Throughout his career, J. M. Coetzee has been centrally preoccupied with how to tell the truth of an individual life, most of all, how to find the appropriate narrator and fictional genre. Many of his 15 novels disclose first person narrators in a confessional mode, and so it is not altogether surprising that his latest book is a dialogue with a psychoanalytic psychotherapist, in which they explore together notions of self-hood, repression, disclosure and the nature of communication. It is as if Coetzee has spent a lifetime attempting to answer Samuel Beckett’s question: “Who is this saying it’s me?”
As Coetzee and Arabella Kurtz’s Exchanges on Truth, Fiction, and Psychotherapy becomes an extended written conversation, The Good Story follows many boundary lines between self and other, truth and fiction, memory, confession, and self-construction. Kurtz is a sympathetic and perceptive reader of fiction; Coetzee has no professional knowledge of psychotherapy, but from inside their separate ways of thinking, they work to create a dialogue about these general concerns.
Close to the mid-point in his career, Coetzee wrote: “Truth is related to silence, to reflection, to the practice of writing. Speech is not a fount of truth but a pale and provisional version of writing.” “Speech” seems to mean conversation, interviews, journalistic writing and, presumably, letters. It was at this time that he made clear that he would no longer give interviews to journalists. The key words are “silence” and “truth,” and the figure of Beckett surely lies behind this statement.
In spite of this, he did enter into a series of conversations with David Attwell, and those conversations are a precursor to The Good Story. The dialogue with Attwell extended over a few years and was eventually published as Doubling the Point. Something of this dialogue genre entered later novels such as “Elizabeth Costello” and “Diary of a Bad Year.”
Atwell, author of the very fine recent study of Coetzee’s manuscripts, and Arabella Kurtz appear to be kindred spirits with whom he can release himself from the controlling voice of the fiction-writer and allow another to colour his thinking and his articulation. Another such kindred spirit is the American novelist Paul Auster with whom he had an extended epistolary conversation between 2008 and 2011, and their letters were published as Here and Now in 2013, although they do not speak of the novels they are writing or their literary careers.
The dialogue books reveal another dimension of Coetzee, his need to create a mutual space in which experience and varieties of truth may be examined in an atmosphere of respect and sympathy. The title Here and Now is the first hint of the intentions of Coetzee and Auster in publishing this record of a late-life friendship. The confessional genre of the personal letter appears to be the implicit, framing context of this writing, and if friendship is the biographical thread, then the letters may follow its meandering, spontaneous, circumstantial course. Emotionally engaged and warm, the often long letters create a quiet, un-dramatized space, and one has a sense that in a fundamental way they are a comment on the era of the selfie and the kinds of self-expression the camera cultivates.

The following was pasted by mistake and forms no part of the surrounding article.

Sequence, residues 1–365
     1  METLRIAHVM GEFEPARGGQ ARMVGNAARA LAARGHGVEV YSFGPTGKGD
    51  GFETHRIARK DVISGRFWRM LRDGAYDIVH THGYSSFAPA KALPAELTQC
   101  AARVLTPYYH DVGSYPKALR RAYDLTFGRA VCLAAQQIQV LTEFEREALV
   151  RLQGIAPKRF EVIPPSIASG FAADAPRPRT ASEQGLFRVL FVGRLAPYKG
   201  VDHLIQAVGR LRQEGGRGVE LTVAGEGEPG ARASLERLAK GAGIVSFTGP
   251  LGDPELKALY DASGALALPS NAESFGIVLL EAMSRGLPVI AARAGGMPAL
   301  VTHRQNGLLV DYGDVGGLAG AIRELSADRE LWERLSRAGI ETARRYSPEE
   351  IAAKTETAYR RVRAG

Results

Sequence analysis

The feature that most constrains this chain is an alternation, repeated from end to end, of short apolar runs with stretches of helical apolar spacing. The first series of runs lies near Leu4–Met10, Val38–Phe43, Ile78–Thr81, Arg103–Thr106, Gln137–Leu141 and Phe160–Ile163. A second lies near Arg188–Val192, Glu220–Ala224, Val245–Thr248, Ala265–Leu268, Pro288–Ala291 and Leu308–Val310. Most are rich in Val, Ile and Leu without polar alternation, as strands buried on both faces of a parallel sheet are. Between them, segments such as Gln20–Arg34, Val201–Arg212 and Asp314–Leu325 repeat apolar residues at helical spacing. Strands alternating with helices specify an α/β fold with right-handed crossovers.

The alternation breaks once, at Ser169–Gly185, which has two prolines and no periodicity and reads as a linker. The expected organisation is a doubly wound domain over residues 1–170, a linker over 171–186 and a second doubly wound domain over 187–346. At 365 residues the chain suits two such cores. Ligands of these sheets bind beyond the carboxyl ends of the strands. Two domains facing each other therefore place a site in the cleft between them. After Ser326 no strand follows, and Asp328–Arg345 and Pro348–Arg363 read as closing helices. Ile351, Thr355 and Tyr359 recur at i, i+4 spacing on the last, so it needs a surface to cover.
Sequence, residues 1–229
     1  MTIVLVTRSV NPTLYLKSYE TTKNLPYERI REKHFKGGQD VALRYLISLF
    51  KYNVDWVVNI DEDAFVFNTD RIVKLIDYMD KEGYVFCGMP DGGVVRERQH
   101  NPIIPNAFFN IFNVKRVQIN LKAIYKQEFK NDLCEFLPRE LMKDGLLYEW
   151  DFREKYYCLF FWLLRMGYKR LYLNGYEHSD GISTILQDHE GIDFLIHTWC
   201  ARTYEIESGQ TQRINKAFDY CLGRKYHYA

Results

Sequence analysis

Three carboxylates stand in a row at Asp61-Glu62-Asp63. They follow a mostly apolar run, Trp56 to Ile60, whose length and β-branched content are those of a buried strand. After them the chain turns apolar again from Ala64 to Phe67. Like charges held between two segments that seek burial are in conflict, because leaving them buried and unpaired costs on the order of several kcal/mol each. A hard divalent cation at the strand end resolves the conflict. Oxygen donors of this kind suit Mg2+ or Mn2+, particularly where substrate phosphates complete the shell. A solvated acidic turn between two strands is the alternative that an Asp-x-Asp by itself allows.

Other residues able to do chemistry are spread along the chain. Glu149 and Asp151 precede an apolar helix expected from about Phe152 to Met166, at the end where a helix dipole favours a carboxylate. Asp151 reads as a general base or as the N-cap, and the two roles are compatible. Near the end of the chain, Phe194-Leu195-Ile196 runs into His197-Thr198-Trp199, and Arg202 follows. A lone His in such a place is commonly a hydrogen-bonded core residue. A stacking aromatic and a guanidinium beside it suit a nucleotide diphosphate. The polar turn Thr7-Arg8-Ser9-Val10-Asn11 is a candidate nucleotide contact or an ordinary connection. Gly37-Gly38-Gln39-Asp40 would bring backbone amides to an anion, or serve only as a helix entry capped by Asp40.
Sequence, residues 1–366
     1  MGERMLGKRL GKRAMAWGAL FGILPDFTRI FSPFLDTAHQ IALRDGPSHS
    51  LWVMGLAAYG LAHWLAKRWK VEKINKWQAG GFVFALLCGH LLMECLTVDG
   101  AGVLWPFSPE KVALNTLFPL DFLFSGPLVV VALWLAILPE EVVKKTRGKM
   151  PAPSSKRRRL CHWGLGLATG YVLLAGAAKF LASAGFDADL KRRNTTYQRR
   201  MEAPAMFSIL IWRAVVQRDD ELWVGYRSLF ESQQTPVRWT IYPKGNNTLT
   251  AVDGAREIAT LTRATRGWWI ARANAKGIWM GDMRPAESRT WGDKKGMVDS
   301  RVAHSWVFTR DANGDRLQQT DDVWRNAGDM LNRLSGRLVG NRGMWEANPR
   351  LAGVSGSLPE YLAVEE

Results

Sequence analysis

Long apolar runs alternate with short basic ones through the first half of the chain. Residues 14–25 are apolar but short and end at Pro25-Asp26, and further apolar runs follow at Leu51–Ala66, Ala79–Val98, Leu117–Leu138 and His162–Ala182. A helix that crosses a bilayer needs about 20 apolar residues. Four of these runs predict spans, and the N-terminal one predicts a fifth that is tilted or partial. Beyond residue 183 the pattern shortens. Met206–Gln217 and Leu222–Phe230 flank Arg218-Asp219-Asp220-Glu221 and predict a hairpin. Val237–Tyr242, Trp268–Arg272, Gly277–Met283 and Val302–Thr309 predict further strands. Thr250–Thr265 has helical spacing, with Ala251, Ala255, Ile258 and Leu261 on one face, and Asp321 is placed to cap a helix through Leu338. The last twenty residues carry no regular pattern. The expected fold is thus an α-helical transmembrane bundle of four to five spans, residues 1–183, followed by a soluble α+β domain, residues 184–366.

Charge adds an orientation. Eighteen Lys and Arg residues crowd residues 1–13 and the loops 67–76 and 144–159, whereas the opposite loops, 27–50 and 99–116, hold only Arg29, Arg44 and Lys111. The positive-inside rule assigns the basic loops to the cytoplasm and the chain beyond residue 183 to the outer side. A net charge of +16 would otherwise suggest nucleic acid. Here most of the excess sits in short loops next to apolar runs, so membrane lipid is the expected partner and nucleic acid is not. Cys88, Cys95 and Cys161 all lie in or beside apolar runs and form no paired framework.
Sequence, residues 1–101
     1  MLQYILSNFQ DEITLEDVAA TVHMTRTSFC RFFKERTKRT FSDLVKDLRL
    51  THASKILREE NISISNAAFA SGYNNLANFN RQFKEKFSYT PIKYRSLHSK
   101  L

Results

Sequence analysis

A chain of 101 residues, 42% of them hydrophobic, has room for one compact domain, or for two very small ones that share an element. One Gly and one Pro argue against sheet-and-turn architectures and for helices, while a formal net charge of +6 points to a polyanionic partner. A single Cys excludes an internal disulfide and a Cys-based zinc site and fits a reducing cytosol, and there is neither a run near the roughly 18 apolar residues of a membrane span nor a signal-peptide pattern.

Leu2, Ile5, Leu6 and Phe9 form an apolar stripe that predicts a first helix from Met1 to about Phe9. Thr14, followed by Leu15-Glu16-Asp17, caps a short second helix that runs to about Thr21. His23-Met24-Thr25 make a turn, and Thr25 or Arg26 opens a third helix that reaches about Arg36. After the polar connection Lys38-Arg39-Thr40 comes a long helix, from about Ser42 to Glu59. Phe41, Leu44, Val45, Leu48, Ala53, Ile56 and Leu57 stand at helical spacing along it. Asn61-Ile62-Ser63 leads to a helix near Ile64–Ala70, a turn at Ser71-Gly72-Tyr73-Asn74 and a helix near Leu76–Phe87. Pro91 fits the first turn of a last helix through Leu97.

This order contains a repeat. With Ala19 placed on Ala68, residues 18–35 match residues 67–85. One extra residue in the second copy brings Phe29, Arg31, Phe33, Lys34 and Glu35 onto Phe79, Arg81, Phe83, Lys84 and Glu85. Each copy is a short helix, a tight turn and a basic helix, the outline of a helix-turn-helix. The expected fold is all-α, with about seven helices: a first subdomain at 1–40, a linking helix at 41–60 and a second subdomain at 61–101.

There is no editorial presence in these “Letters.” It seems to mock posthumous editions of letters of great writers, with contexts provided by a knowledgeable editor, and published by a university press – there is no context here, no preface, introduction, or editorial paraphernalia, and the book appeared from the mainstream commercial publishers of Coetzee and Auster’s fiction. We are not told if this is a complete set of the letters sent during this period. We do not know if they are presented complete, or if they have been rewritten for publication. Nor, crucially, are we told if Auster and Coetzee intended from the beginning that the letters would be published, so that in some sense they may not have been writing to each other but to us readers, that they are a kind of epistolary novel grounded in daily experience.
Who can say who J.M. Coetzee is? Certainly Attwell tells us much in J.M. Coetzee and the Life of Writing: Face to Face with Time, more than anyone else has, about the solitary writer, but from the first novel, Dusklands, Coetzee has made clear in his subversion of narrators and narrative voices that the reader must enter into a dialogue with the “author,” and that it is in this dialogue that J. M. Coetzee invites the reader to recognize how difficult it is to tell anyone’s story.
Close to the end of The Good Story, he speaks of “living reading”: “It involves finding one’s way into the voice that speaks from the page, the voice of the Other, and inhabiting that voice, so that you speak to yourself (your self) from outside yourself.” He refers to this process as “a dialogue of sorts,” and, clearly, in his own roles as reader and writer, it is in this dialogue that an answer may be found to who Coetzee is.
Featured image credit: “Writing? Yeah.” by Caleb Roenigk. CC BY 2.0 via Flickr.